MAY 31, 2016, ABERDEEN PROVING GROUND, Md. – U.S. military fuel convoys in combat areas present risk to Service members’ lives as well as significant transportation costs.
The Army and Navy are investigating using self-contained Danish solar-power systems to generate energy and reduce these threats incurred through convoys on the battlefield.
“If the system eliminates one 5,000-gallon fuel trailer, we will have achieved success in improving Soldiers’ safety and mission efficiency,” said William “Randy” Everett, project manager of the Army’s Foreign Comparative Testing Program.
The goal of the Solar Power Shelter System is to minimize battlefield logistics footprints and decrease fuel-consumption costs. It uses renewable energy sources and battery storage to power military base camp equipment.
The SPSS is an integrated hybrid system that combines solar power with a standard military diesel generator to provide a continuous energy loop, said Tom Merrill, renewable energy storage lead with Army’s Product Manager Force Sustainment Systems.
The system gathers and manages energy as it collects the sun’s rays through photovoltaic panels and stores power in a battery. Once the battery power is depleted, the generator starts in order to maintain a seamless operation. A SPSS unit sits atop a military shelter or shipping container, known as a CONEX, to eliminate the need for additional ground footprint to deploy and operate the system.
“The goal is to minimize generator usage. We’re looking to decrease the dependency on fuel resources. By harvesting alternative energy, we’re able to reduce the amount of energy required from the generators and require fewer fuel convoys to save lives and money,” said Rich Guiliano, program acquisition specialist with PdM FSS.
JOINT INITIATIVE WITH NAVY
In addition to Army testing, the Navy is in the process of purchasing two 20-foot SPSS units for its Net Zero Containerized Living Unit evaluation project, Merrill said.
Operational field testing will begin in July at Camp Lemonnier in Djibouti, Africa, which has more than 600 CLUs. The Navy uses 40-foot long, non-expandable ISO containers as the building block for its CLUs.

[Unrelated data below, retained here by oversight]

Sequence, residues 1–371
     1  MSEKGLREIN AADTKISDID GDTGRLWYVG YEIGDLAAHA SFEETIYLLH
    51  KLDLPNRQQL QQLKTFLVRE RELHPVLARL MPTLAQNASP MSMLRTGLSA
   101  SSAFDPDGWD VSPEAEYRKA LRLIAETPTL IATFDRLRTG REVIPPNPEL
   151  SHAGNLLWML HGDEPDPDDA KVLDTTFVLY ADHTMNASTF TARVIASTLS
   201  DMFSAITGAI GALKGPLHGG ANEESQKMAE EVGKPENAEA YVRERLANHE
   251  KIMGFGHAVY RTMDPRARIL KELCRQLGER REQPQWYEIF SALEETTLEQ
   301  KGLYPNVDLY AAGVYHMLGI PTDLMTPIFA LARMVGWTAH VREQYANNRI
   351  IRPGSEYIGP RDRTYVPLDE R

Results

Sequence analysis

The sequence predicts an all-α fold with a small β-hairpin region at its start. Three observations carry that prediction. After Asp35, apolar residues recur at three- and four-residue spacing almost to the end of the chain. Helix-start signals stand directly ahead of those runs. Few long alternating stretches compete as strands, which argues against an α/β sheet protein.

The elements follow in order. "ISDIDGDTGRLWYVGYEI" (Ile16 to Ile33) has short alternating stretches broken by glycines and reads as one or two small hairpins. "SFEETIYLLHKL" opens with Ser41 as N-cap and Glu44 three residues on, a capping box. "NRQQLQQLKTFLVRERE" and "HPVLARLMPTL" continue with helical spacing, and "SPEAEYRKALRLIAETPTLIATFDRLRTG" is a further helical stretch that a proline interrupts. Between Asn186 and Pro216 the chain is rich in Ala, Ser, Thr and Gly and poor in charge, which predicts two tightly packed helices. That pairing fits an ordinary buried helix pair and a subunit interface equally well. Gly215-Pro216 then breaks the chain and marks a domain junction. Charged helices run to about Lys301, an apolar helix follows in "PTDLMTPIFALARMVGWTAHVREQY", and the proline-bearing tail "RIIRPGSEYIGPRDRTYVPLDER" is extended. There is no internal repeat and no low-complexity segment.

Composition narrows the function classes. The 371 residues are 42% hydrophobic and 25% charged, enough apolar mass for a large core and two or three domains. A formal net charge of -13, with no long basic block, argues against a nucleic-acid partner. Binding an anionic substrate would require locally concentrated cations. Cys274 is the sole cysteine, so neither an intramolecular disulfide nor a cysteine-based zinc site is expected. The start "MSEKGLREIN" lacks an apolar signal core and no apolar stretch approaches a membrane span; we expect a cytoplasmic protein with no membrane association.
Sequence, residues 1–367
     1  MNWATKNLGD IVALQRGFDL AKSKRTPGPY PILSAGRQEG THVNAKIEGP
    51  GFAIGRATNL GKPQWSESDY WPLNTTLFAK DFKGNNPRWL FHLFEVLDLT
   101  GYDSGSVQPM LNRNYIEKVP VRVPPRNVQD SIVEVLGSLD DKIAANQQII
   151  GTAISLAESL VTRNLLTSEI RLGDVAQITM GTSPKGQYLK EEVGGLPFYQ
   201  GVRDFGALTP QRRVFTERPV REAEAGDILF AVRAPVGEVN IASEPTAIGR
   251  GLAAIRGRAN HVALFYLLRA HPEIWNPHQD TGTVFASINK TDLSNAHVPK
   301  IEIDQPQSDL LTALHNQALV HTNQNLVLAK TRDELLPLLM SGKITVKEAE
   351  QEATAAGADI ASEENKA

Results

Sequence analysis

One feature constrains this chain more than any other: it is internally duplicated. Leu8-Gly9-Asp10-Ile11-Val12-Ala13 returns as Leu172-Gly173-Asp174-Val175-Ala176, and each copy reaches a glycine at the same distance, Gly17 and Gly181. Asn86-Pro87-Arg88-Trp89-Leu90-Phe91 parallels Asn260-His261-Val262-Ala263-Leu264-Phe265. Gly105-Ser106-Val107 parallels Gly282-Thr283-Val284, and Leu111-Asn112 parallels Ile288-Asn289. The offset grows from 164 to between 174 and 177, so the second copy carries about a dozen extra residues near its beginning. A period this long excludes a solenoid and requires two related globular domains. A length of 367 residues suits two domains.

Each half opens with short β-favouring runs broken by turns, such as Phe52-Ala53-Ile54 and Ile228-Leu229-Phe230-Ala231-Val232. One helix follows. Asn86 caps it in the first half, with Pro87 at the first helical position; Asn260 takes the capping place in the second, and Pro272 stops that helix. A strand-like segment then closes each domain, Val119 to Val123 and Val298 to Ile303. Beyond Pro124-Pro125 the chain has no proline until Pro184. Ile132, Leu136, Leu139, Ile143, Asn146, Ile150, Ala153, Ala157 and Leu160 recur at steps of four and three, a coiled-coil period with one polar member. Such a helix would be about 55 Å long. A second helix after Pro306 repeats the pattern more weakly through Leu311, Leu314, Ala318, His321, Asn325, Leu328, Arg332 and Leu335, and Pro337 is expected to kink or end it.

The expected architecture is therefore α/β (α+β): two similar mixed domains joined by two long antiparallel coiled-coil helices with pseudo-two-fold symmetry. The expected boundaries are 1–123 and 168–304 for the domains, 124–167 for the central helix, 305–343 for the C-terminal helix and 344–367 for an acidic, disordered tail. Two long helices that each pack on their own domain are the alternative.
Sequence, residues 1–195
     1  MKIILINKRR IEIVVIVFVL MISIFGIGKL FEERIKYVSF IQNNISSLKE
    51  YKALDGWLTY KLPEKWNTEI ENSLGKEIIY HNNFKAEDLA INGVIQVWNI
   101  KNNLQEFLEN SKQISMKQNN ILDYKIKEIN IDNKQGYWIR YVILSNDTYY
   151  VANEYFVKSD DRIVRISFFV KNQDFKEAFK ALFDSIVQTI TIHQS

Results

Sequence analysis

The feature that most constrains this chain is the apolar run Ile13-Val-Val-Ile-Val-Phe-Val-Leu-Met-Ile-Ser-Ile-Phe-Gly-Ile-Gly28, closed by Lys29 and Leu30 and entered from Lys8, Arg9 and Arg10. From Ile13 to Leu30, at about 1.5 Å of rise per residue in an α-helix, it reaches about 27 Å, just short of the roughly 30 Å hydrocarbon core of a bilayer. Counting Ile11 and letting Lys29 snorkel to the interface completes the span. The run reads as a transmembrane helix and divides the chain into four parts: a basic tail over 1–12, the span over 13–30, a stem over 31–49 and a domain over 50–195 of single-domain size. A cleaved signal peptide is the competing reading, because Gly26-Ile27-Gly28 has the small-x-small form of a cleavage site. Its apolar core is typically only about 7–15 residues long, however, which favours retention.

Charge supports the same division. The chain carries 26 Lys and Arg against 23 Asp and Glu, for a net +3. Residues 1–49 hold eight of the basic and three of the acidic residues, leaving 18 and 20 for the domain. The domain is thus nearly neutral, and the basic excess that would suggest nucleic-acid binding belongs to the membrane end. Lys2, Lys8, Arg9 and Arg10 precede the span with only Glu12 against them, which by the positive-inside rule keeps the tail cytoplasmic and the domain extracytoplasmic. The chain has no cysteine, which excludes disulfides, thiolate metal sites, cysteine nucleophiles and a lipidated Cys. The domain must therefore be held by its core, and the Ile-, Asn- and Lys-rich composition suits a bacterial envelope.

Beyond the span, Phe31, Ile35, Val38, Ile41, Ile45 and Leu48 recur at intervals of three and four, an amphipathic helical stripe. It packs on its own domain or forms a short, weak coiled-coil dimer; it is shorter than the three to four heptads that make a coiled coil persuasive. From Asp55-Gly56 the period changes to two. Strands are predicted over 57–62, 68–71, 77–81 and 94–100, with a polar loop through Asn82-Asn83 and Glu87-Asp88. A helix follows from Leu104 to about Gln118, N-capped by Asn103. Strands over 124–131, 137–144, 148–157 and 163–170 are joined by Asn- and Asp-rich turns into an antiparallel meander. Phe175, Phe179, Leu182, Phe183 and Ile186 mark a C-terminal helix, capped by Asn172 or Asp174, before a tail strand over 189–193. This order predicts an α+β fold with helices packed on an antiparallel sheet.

The services are sharing test data on the SPSS from the Army’s FCT project and Navy’s Net Zero CLU project. They are also evaluating which global regions would be the most effective to place the systems depending on the amount of sunlight received.
SUPPORT FROM FOREIGN COMPARATIVE TESTING PROGRAM
While Everett was on an FCT-sponsored technology tour to Scandinavia, he met with representatives of TecLeaf, a Danish company and the manufacturer of SPSS. The company had been working with the Danish military, and Everett forwarded the SPSS technical details to PdM FSS back in the United States.
“The technology was interesting,” Everett said. “This was an emerging technology that U.S. Army program managers didn’t have the research and development dollars to test and evaluate. We wouldn’t have been able to do the project without the support and funding provided by the OSD FCT office.”
OSD FCT’s mission is to find and evaluate “here and now” solutions to meet the operational needs of American Service members so they have the technology needed to remain dominant on the battlefield — regardless of the origin of that technology.
The Department of Defense has leveraged new and evolving technology through FCT since 1980. The program encourages international cooperation and helps reduce overall DoD acquisition costs by funding the testing of foreign non-developmental items, commercial-off-the-shelf items, or those items in a late state of the development process that demonstrate the potential to satisfy the U.S. military’s needs, Everett said.
The U.S. Army Research, Development and Engineering Command’s International Cooperation and Exchange Team manages the program for the Army.
ONGOING EVALUATION OF SPSS
The U.S. Army Aberdeen Test Center at APG performed safety, environmental and transportability testing of the SPSS, which was completed in April.
“You don’t know how a system will perform until it undergoes military testing,” Merrill said. “You need to understand what Service members will and will not be able to do with the system.”
The SPSS units will now move to the Base Camp Integration Laboratory at Fort Devens, Massachusetts, this summer for further evaluation in a base camp environment.
Merrill explained the additional benefits of SPSS include space conservation and a configuration that allows ballistic panels to be added underneath the system to protect people inside the CONEX.
“You may not have a lot of room in a forward operating base, and the system does not require any additional ground footprint,” Merrill said. “We are harvesting the unused space on top of the CONEX.”
The system can also be adapted for future improvements.
“You can pull out solar panels and replace them. As the technology improves for panels and battery storage, the system is designed to receive it,” Merrill said.